Since both logarithmic expressions are in base 5, we can proceed to the next step. In both expressions $4\log _{5}(y)$ and $3\log _{5}(8)$, we can use the power rule. Thus,

$4\log {5}(y)=\log {5}(y^{4})$ and $3\log *{5}(8)=\log *{5}(8^{3})$.

The operator between them is – which means it satisfies the quotient rule. Therefore, combining $4\log _{5}(y)$ and $3\log _{5}(8)$ using the quotient rule will yield $\log _{5}(\frac{y^{4}}{8^{3}})$.

Therefore, the simplified form of $4\log {5}(y)-3\log {5}(8)$ is $\log _{5}(\frac{y^{4}}{8^{3}})$ or $\log _{5}(\frac{y^{4}}{512})$.

**EXAMPLE**

Simplify the logarithmic expression $5\log {9}(x)+3\log {9}(y)$.

**SOLUTION**

Step 1: Check if both logarithmic expressions have the same base. Since both of them are in base 9, then it is possible to compress.

Step 2: Use the power rule for $5\log _{9}(x)$ and $4\log _{9}(y)$. Thus,

$5\log {9}(x)=\log {9}(x^{5})$ and $4\log {9}(y)=\log {5}(y^{4})$.

Step 3: The operator that exists between the original logarithmic expression is +. Thus, we will use the product rule to simplify. To do this, multiply the arguments that exist between $\log _{9}(x^{5})$ and $\log _{5}(y^{4})$. Multiplying the arguments will yield to $x^{5}\times y^{4}= x^{5}y^{4}$. Hence,

$5\log {9}(x)+4\log {9}(y)=\log _{9}(x^{5}y^{4})$

Therefore, the simplified form of the logarithmic expression $5\log {9}(x)+4\log {9}(y)$ is $\log _{9}(x^{5}y^{4})$ wherein $(x^{5}y^{4})$ is the argument.

## WHAT ARE SPECIAL LOGARITHMS?

There are two types of special logarithms namely, common logarithm and natural logarithm. While we know that the base of a logarithm can be any positive number, special logarithms have bases that are often used than others.

### COMMON LOGARITHM

Logarithms with base 10 are called common logarithms. When mathematically written, we usually omit the base since it is already understood that it is in base 10. For example, given $\log_{10}(n)$ we can already write it as $\log _{n}$.

### NATURAL LOGARITHM

The natural logarithm is a logarithm whose base is the Euler’s number (e). Natural logarithms can be written as either $\log_{e}(n)$ or $\ln (e)$.

The table below summarizes the things you should know about common and natural logarithms.

Base | Regular Notation | Special Notation | |

Common Logarithm | 10 | $\log_{10}(n)$ | $\log _{n}$ |

Natural Logarithm | e | $\log_{e}(n)$ | $\ln (e)$ |

The properties of logarithm also apply to special logarithms.

## WHAT ARE LOGARITHMIC IDENTITIES?

The table below shows some of the logarithmic identities derived from the three fundamental properties of logarithms.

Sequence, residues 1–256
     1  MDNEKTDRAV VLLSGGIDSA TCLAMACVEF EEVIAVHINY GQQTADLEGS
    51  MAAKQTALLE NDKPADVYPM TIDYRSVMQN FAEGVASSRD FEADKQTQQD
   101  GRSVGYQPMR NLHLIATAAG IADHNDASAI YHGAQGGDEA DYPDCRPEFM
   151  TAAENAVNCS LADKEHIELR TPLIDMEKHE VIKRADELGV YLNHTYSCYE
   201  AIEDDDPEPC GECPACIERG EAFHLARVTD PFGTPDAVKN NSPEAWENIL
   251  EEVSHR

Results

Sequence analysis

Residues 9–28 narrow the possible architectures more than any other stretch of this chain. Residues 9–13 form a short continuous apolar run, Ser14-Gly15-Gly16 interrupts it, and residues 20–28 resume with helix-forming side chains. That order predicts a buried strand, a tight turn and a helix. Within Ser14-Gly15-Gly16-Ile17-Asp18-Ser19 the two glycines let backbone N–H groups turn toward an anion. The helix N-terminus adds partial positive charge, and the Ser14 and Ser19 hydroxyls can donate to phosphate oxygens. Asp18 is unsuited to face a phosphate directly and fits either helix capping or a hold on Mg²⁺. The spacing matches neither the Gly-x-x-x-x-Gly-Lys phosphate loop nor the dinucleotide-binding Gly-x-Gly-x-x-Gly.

Identity | Reason |

$\log _{b}(1)=0$ | This identity came from the fact that any number raised to 0 will always be 1 or also known as the rule of zero exponents. |

$\log _{b}(b)=1$ | The reason behind this identity is the fact that any base number raised to 1 will always be equal to itself. |

$\log _{b}(b^{p})=p$ | |

$b^{\log _{b}(n)}=n$ |

## WHAT IS THE CHANGE OF BASE FORMULA?

The logarithmic change of base formula is used to write a logarithm of a number wherein the argument is not a rational power of the base. The change-of-base formula is denoted by:

$\log {b}(a)=\frac{\log {c}(a)}{\log _{c}(b)}$

wherein

a in the argument of the logarithm is the same as the a in the argument of the numerator;

b is the base of the original logarithm is the same as the b in the argument of the numerator;

c is the base of both logarithms in the numerator and denominator wherein it can be any positive number not equal to 1.

The easiest way to use the change base formula is to change the logarithms to base 10.

**EXAMPLE #1**

Evaluate the value of $\log _{16}(4)$.

**SOLUTION**

Step 1: Using the change-of-base formula by changing the base of the logarithm to base 10. Note that $\log_{10}$ is the same as log. Thus,

$\log _{16}(4)=\frac{\log (4)}{\log (16)}$

Step 2: The denominator $\log (16)$ can be expressed as $\log (4^{2})$ since $16=4^{2}$. Thus,

$\log _{16}(4)=\frac{\log (4)}{\log (4^{2})}$

Step 3: By power rule, we can expand the logarithm in the denominator as $4^{2}=2\log (4)$. Hence,

$\log _{16}(4)=\frac{\log (4)}{2\log (4))}$

Step 4: Cancel $\log (4)$ from the numerator and denominator. Thus,

$\log _{16}(4)=\frac{1}{2}$

Therefore, the value of $\log _{16}(4)$ is $\frac{1}{2}$.

**EXAMPLE #2**

Estimate the value of $\log _{7}(21)$.

**SOLUTION**

Step 1: Use the change of base formula and change the logarithm to base 10. Thus,

$\log _{7}(21)=\frac{\log (21)}{\log (7)}$

Step 2: Since 21 is not a rational power of 21, we can use the calculator to compute for the value of $\frac{\log (21)}{\log (7)}$. Hence,

$\frac{\log (21)}{\log (7)}=1.564$

Therefore, the estimated value of $\log _{7}(21)$ is 1.56.